Dortmund struggles to come to terms with bomb attack on bus
- Author: Julie Sanders Apr 17, 2017,
Apr 17, 2017, 22:42
Monaco's Bernardo Silva is surrounded by, from left, Dortmund's Raphael Guerreiro, Nuri Sahin and Shinji Kagawa during the Champions League quarterfinal first leg soccer match between Borussia Dortmund and AS Monaco in Dortmund, Germany, Wednesday, April 12, 2017.
Dortmund coach Thomas Tuchel hit out at UEFA's decision to order his side to play their quarter-final against Monaco a day after nail bombs narrowly failed to inflict catastrophic damage on the Bundesliga stars.
Spanish defender Marc Bartra was injured in the attack and the match was immediately rescheduled, with Monaco running out 3-2 winners in what turned out to be a pulsating match.
'The only thing I ask, THE ONLY THING, is that we ALL live in peace and leave wars behind'.
But Tuchel claimed the club was informed of UEFA's decision by text message and they were left feeling powerless.
"We felt completely passed over, it came down to "tomorrow, you're playing", said Tuchel.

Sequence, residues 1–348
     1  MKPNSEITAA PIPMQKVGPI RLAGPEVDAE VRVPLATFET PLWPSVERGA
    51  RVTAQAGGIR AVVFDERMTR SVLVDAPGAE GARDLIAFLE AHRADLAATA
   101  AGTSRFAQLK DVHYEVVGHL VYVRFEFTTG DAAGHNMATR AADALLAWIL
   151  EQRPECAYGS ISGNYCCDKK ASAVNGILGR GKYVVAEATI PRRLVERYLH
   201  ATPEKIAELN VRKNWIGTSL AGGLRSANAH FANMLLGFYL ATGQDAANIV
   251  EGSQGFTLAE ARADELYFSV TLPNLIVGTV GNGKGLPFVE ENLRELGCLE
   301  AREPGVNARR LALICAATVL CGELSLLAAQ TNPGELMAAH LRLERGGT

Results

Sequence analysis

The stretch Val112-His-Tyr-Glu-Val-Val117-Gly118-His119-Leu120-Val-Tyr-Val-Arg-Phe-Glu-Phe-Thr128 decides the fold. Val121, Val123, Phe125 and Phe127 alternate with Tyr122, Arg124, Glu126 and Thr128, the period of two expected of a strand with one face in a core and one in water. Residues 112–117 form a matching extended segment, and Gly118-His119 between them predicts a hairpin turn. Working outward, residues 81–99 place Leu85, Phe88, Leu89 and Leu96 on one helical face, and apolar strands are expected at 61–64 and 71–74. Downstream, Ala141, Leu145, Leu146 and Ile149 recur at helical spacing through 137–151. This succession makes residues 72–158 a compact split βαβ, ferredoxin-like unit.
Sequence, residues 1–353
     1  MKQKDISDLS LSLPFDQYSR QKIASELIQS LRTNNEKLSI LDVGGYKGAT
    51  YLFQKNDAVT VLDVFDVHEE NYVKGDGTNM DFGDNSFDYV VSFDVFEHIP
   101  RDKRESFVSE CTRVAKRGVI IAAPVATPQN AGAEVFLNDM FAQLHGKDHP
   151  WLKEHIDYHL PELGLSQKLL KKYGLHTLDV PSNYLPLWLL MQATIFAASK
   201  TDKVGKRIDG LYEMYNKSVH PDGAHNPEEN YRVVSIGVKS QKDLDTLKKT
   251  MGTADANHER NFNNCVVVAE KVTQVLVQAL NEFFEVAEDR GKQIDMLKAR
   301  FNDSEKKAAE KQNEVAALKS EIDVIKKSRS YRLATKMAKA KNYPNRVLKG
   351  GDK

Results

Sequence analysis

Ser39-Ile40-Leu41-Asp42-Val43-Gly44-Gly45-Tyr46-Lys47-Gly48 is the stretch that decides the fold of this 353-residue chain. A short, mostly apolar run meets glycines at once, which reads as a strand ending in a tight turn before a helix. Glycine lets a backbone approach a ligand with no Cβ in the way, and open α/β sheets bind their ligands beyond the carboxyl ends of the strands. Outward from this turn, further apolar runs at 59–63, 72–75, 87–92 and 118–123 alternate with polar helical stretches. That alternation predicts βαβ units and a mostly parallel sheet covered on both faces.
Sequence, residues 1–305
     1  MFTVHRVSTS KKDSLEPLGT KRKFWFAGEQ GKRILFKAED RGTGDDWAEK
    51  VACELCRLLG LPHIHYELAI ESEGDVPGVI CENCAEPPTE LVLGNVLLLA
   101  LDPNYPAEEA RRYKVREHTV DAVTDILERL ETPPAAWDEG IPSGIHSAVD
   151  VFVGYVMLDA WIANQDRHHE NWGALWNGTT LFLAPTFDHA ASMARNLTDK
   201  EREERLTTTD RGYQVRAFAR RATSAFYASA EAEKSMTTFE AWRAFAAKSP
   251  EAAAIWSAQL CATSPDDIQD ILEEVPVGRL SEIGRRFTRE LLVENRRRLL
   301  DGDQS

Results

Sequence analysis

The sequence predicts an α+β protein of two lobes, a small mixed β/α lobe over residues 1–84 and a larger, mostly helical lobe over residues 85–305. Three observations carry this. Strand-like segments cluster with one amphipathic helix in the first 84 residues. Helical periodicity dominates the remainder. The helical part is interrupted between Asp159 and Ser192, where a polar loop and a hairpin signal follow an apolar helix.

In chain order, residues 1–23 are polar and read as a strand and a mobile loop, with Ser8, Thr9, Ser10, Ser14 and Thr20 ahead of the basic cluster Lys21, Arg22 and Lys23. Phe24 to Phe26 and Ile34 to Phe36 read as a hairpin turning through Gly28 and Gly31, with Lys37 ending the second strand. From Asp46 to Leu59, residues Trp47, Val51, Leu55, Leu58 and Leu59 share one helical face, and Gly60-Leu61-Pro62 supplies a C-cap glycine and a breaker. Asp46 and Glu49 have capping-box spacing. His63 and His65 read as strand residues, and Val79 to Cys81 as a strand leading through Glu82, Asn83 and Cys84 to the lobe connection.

"I know that football is very important, that it is about a lot, and I knew we have to try to deliver here".
Tuesday's match was forced back to Wednesday after a trio of deliberate roadside blasts struck Dortmund's team bus on the way to the match at the Westfalenstadion on Tuesday.
Uefa issued a statement which read: "We were in touch with all parties and never received any information which suggested that any of the teams did not want to play".
"It was hard to deal with everything that happened", Falcao, who captained Monaco, said. We had the feeling today everybody that we are not in the best shape, not focused enough for football.
After the match, Tuchel said his players had wanted more time to recover from the previous day's attack.
Germany's Interior Minister Thomas de Maiziere had said it was important for the match to go ahead: "we cannot make the mistake of being intimidated".
He was the only player to receive serious injuries in the attack.
"It will stick with us that we have to function and that everything else plays no role".
"I get goosebumps ... when we were in the bus last night, I can't forget the faces".
"We know that we are threatened like many other countries and will do everything in our power to ensure security in freedom for our citizens, in close consultation between the federal government and the states", she said.
"Of course, I think everyone would understand if you say, 'don't play it, ' and find a solution next week or whatever".